Besides the three classes, Reclaiming developed a concept in the 1990s known as the Three Soulsa concept sharing Faery Tradition Witchcraft, Hawaiian, Jewish, and Celtic cultures. Starhawk's own adaptation of this concept is called the Three Selves: The Spiral Dance, which represents the Younger Self; the Talking Self, or unconscious mind, which gives verbal and conscious expression; and Deep Self or God Self, which deals with the Divine within oneself.

Rituals Roles of Reclaiming

The leading of public rituals teach new ways of doing magic in large groups with participants of all degrees of magical expertise and inspire the creation of methods and roles to meet these changing circumstances.

Among those roles are "Crows," who oversee everything from an individual ritual to teaching plans to overall Collective activities. Snakes view things from the ground, the "little, down-to-Earth things." "Dragons" guard the perimeters of circles in public outdoor spaces such as beaches so that participants can work undistracted by curious passersby; they do not directly participate in the work of a ritual because they are providing a buffer between the public and the inner circle. In this role, Dragons are similar to what are called in other traditions Guardians, the Summoner or the Man in Black. "Graces" act as assistant priest or priestesses; they welcome people, guide them, keep aisles clear, get people standing, sitting, chanting, dancing, assembled for a spiral dance, all in different and appropriate parts of the ritual. Graces could be compared, in some sense, to Maidens in other Craft traditions.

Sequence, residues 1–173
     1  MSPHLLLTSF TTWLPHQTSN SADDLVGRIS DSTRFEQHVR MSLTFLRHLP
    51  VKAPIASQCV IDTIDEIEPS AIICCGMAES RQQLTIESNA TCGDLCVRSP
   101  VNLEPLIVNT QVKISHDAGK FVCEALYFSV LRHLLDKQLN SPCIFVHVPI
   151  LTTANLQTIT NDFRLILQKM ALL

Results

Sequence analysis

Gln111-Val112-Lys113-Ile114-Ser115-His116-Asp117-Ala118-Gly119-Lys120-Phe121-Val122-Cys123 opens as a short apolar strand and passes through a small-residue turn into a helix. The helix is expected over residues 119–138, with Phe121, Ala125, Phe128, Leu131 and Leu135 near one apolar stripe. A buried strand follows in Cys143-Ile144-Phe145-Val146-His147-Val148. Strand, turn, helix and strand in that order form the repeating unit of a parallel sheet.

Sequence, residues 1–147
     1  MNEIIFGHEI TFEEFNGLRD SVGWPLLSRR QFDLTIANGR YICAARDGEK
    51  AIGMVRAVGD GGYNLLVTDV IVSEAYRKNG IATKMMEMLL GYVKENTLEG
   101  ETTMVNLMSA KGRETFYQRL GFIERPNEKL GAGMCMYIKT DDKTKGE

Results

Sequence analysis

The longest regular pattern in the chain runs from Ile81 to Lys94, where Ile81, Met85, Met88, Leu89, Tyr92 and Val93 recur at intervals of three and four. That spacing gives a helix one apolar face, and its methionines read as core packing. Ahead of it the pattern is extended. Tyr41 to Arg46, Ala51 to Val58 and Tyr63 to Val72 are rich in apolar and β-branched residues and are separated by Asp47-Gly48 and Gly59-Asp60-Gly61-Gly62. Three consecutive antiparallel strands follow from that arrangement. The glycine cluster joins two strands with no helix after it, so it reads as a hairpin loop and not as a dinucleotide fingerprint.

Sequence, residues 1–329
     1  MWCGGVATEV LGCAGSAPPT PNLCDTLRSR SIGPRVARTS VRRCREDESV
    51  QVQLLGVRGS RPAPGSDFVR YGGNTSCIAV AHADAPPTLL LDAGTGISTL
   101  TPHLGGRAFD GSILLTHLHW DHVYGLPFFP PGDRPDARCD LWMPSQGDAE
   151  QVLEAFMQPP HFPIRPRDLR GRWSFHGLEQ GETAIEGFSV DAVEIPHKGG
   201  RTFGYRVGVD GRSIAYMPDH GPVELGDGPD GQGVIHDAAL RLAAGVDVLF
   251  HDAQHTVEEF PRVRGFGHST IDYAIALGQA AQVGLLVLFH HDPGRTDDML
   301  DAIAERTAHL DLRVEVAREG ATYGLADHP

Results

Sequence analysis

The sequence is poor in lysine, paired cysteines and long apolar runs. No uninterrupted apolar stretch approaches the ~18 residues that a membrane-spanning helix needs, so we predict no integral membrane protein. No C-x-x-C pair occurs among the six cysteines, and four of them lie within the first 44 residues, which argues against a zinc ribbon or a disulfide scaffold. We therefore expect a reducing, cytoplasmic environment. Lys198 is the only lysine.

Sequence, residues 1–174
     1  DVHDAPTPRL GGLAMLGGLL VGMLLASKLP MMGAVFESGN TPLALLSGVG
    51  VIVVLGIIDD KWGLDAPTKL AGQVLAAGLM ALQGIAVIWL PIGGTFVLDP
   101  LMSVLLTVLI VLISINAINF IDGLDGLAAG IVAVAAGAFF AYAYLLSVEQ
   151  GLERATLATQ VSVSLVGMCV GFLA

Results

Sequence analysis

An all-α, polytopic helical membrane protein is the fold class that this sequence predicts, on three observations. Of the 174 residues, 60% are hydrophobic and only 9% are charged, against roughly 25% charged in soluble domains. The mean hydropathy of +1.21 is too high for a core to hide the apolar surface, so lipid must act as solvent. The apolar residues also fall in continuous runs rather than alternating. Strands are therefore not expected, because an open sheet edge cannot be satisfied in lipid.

In recent years Reclaiming employed "Anchors" in large public rituals. Anchors are individuals who help focus and contain the energy of the circle in settings where it might be prone to fragmentation and dissolution. They act to contain the energy until it's time to release and direct it. It's important that the anchor not try to control the energy of the ritual or to ground it through their body.

Currently, some Reclaiming Witches are trained in aspecting a technique which closely corresponds to what in traditional British Craft traditions more commonly known as Drawing Down the Moon. Not all Reclaiming Witches practice all these techniques. Many full-fledged and respected Reclaiming Witches were trained and proceeded in their personal and coven practices before some of these techniques were commonly used.

Distinguishing Features of Reclaiming

In The Pagan Book of Living and Dying, Starhawk describes Reclaiming's style of ritual as EIEIO Ecstatic, Improvisational, Ensemble, Inspired, and Organic. Practices are constantly growing, being "extended, refined, renewed and changed as the spirit moves us and need arises, rather than learned and repeated in a formulaic manner."

Distinguishing features of Reclaiming Tradition Witchcraft are:

  1. non-hierarchal covens and group priest-or priestess-hoods;
  2. no specific pantheon;
  3. no requirement of initiation, and when initiations are undertaken, customized ones;
  4. strong emphasis on political involvement and social and ecological responsibility/consciousness;